Missourians need to be bear prepared
Black bears seldom bother humans, but attacks do happen.
Follow these tips to help avoid or repel aggressive bears.
JEFFERSON CITY–What would you do if you rounded a bend in a trail and came face to face with a bear? The Missouri Department of Conservation has advice about what to do in that scenario and, even better, how to avoid it.
Missouri is home to a small number of black bears, the only bear species found here. The statewide population is estimated at only 300 to 500 bears. However, the number is growing slowly, thanks to natural reproduction and immigration from Arkansas.
One of the most useful things for avoiding bear confrontations is knowing where you are likely to see a bear. The Conservation Department has confirmed bear sightings in 61 of the state’s 114 counties. However, 90 percent of the state’s bears live south of Interstate Highway 44.
“You could see a bear in the northern two-thirds of the state,” said Resource Scientist Jeff Beringer. “Atchison, Worth and Lewis counties have recorded at least one sighting. But the odds decrease sharply the farther north you go. For the most part, this is still an Ozarks phenomenon.”
Beringer, the Conservation Department’s bear specialist, said Ozark County leads the state, with 102 documented bear sightings since the agency began keeping records in 1987. Adjoining Howell and Douglas counties are second and third with 60 and 51 sightings, respectively. Counties with 40 or more sightings include Carter, Christian, Iron, Reynolds, Shannon, Stone and Taney.
The cluster of bear sightings in and around Reynolds County extends north as far as Crawford, Franklin and Washington counties, each of which has produced more than 30 verified reports since 1987.
Missouri’s top bear counties also happen to contain the Ozark Trail and many of the state’s other popular hiking and camping destinations. While bear sightings remain relatively rare, Beringer said Missourians need to begin making bear awareness part of their outdoor skill set.
“A few years ago, the chances of a backpacker or a mushroom hunter stumbling across a bear were pretty close to zero. That isn’t true today. Anyone who spends time outdoors should know how to avoid run-ins with bears and what to do if they do encounter one.”
Beringer said chance encounters with bears usually are brief, ending when the bear realizes a human is near and retreats. Bears have a natural fear of humans. However, accidental bear meetings can be dangerous if the bear is startled or cornered or if a person gets between a sow and her cubs.
“Black bears are much more powerful for their size than the average person realizes,” he said. “They are unpredictable and extremely dangerous when they feel threatened. They are nothing to mess with.”
Bears are keenly aware of their surroundings, so Beringer said one effective way of avoiding surprise meetings is to make noise. Talking with companions works well. So does whistling, singing or fastening a cowbell to your backpack or clothing.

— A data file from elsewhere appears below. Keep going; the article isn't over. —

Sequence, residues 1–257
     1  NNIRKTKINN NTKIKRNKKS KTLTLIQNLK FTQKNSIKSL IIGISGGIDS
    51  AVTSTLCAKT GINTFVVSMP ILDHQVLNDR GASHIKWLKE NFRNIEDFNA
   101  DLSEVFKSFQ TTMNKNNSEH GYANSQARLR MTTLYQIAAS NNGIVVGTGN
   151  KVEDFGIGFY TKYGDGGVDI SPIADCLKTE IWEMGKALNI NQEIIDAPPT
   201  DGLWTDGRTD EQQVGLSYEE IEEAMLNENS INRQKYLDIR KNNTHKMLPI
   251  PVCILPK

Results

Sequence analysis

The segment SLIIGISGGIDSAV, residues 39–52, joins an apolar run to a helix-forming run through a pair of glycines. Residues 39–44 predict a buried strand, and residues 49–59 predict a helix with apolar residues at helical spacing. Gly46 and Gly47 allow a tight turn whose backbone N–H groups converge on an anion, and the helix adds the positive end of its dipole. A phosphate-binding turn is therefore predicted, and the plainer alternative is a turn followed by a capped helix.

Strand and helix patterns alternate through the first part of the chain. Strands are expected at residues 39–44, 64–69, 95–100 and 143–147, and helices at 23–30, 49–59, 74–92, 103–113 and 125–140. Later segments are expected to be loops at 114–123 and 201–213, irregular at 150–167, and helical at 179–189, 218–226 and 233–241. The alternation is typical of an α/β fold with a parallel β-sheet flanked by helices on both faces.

Bears’ hearing and sense of smell are excellent, but their eyesight is poor. They sometimes do not recognize humans, even at close range, if the wind is blowing the people’s scent away from them. At such times, a bear often rears up on its hind legs. This is not a threat, but an attempt to use its eyes and nose to best advantage.
Beringer said people who see bear that have not seen them yet should leave the area quickly and quietly. If the bear is aware of your presence, Beringer recommends avoiding eye contact, which bears perceive as aggressive behavior. The best thing in this situation is to look down and walk away while speaking in a normal voice.
A bear on a narrow trail may feel cornered. The best strategy here is to step off the trail on the downhill side and leave the area quietly. Do not make sudden movements or run.
When threatened or defending cubs, black bears often make huffing sounds, pop their jaws or beat the ground with their front paws. This is a warning that you are too close. Black bears also make mock charges, rushing at intruders, stopping and then retreating. People who take the hint and withdraw immediately after a mock charge almost always avoid further trouble.
Although attacks by black bears are rare, they do occur. Black bears can run much faster than humans can, and they are excellent climbers. Consequently, fleeing or climbing a tree is pointless. The most effective strategy is to fight back with whatever you have – a knife, a rock, a stick or any other weapon. Black bear attacks have been repelled by people using nothing more than their fists. Striking a bear around the face is most effective. Pepper spray also can stop a bear attack.
Aggressive bears usually are those that have become accustomed to human presence. This most often occurs through intentional feeding. Beringer cautioned against deliberately feeding bears or allowing bears to raid trash, livestock feeders or other human food sources. This puts both people and bears at risk.
If you encounter an aggressive bear, contact conservation office or your local sheriff’s department immediately. The Conservation Department has specially trained employees to deal with problem or aggressive bears.
For more information about living with bears, visit mdc.mo.gov/landown/wild/
For more information on camping, visit Family-Outdoors Camping